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es on Okavango.’ Lisa Wilkes-Hunter.About the Artist. Her work and inspiration.

Wilkes-Hunter was, it seemed, destined from a small child to express herself through her art. Born into a talented family, her maternal grandfather, the prolific author, Richard Wilkes-Hunter, was supportive of her ambitions and introduced her to his circle of talented friends and associates. Wilkes-Hunter took art lessons with well know artist Barry Chamberlain, who was so struck with her talent he often entered her work into art competitions. An award winning entry, on one such occasion, titled Siamese Cat caused some

consternation when the judges discovered that the artist was no more than eight years old.

Wilkes -Hunter grew up on Sydney’s Northern beaches. She married young and had two daughters. For a number of years her art took a backseat to raising her children, which she eventually had to do alone when she was widowed, aged 39.

After receiving a Diploma of Fine Art at Seaforth Technical College, majoring in photography, Wilkes-

Hunter’s experimentation on the journey to develop a unique, identifiable, form of expression was

eclectic and unrestrained. Producing props for the Sydney Rock Eisteddfod, and showing entrepreneurial

flair when she designed, and tailor made board games for the hospitality and gaming industries.

For reasons that were not apparent as a younger woman, she always had a strong pull to the exotic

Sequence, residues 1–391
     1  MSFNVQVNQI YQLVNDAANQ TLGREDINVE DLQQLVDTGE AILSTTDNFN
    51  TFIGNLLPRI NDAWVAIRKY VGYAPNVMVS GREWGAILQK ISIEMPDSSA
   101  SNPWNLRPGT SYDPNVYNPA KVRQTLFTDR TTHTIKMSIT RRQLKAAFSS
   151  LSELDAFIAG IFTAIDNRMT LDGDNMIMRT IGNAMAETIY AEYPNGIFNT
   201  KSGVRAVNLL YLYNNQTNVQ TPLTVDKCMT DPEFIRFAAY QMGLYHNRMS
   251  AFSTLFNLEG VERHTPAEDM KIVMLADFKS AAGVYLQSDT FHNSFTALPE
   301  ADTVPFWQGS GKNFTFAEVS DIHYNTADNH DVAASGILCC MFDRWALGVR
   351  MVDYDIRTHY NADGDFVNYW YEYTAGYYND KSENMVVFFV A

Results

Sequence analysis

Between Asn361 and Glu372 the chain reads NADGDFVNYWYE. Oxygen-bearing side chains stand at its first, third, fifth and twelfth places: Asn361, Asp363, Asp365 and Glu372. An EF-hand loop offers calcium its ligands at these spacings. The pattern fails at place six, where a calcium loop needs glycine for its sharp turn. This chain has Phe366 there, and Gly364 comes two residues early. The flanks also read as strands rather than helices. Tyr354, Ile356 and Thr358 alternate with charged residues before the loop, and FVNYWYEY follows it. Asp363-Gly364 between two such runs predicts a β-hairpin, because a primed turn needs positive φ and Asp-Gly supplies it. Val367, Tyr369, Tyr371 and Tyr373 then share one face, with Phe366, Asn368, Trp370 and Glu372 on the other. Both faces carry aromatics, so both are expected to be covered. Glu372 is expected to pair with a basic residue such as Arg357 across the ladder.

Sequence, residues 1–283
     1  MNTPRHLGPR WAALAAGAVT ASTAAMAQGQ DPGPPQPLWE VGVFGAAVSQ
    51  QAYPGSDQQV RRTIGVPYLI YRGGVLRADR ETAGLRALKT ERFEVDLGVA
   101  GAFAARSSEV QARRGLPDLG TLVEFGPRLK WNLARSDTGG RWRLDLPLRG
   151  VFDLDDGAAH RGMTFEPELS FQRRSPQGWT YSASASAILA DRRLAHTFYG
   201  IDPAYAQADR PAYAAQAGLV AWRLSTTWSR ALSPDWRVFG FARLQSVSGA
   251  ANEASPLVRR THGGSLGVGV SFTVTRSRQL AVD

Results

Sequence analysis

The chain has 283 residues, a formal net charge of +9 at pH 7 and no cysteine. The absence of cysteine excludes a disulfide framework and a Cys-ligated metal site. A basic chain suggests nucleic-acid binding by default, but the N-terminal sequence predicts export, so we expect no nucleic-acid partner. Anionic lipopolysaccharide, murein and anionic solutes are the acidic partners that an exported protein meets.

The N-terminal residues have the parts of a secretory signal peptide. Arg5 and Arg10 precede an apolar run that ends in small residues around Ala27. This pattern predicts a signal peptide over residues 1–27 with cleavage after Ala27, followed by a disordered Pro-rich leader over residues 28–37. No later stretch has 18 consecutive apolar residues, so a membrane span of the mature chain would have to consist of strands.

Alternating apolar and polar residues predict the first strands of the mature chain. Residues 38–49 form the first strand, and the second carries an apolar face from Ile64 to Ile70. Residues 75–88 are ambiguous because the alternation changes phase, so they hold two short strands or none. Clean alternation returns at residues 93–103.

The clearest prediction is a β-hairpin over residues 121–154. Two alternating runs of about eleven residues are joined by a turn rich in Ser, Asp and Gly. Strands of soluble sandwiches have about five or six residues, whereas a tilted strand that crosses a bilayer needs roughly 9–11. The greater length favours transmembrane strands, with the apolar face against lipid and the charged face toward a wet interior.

animals and stories emanating from Africa. It was in her adult life that she discovered the connection. Africa was

the birthplace of her paternal grandmother. Throughout her life Wilkes-Hunter has been a human

Bower Bird. Eggshells held a particular fascination as she collected things from nature that had been

discarded as spent. Using imagination, and creative energy, she gave them new life and purpose.

In 2009

Wilkes-Hunter travelled to Africa. Her adventures took her off the well trodden tourist track, across Botswana and Zimbabwe and traversing the channels of the Okavango Delta in the Merkoro, canoe like vessels handcrafted by the locals and requiring skilful handling. Camping in the open without any

creature comforts, or even guns to protect them from the ever present danger of poachers, she experienced many close encounters with wild animals that roamed freely around the Delta.

The trip to Africa, and the stirrings she felt moving through the ancient landscape where she has an ancestral connection, provided the genesis for Eyes on Okavango, Wilkes-Hunter’s first major solo exhibition.

Eyes on Okavango, a series of works on canvas and evocative installations, began with a Mandala which groups together the sources of Wilkes-Hunter’s inspiration and motivation. Her children are depicted as Butterflies, facing the sun. “When one faces the sun all shadows are cast behind.” A quote, that struck a chord with Hunter, which she repeated to her girls as they were growing up and finding their way in the world.

Like the Mandala, this exhibition is an autobiographical montage of Wilkes-Hunter’s journey as a woman

and an artist. It gathers in one place, with skilful technique, a love of family, a reverence of nature,

animals and Africa. Woven into the landscapes almost as a backdrop, and yet drawing the eyes deep behind

the subject, are the aging pages of Wilkes-Hunter’s late grandfathers work ‘Castle in Spain’ where he uses

Wilkes-Hunter’s personality and appearance as the foundation for his heroine ‘Lisa.’ Here Wilkes-Hunter

archives her grandfather’s work with her own as a tribute to the man who provided the support, and

encouragement, to pursue her dream of one day becoming an exhibiting artist.

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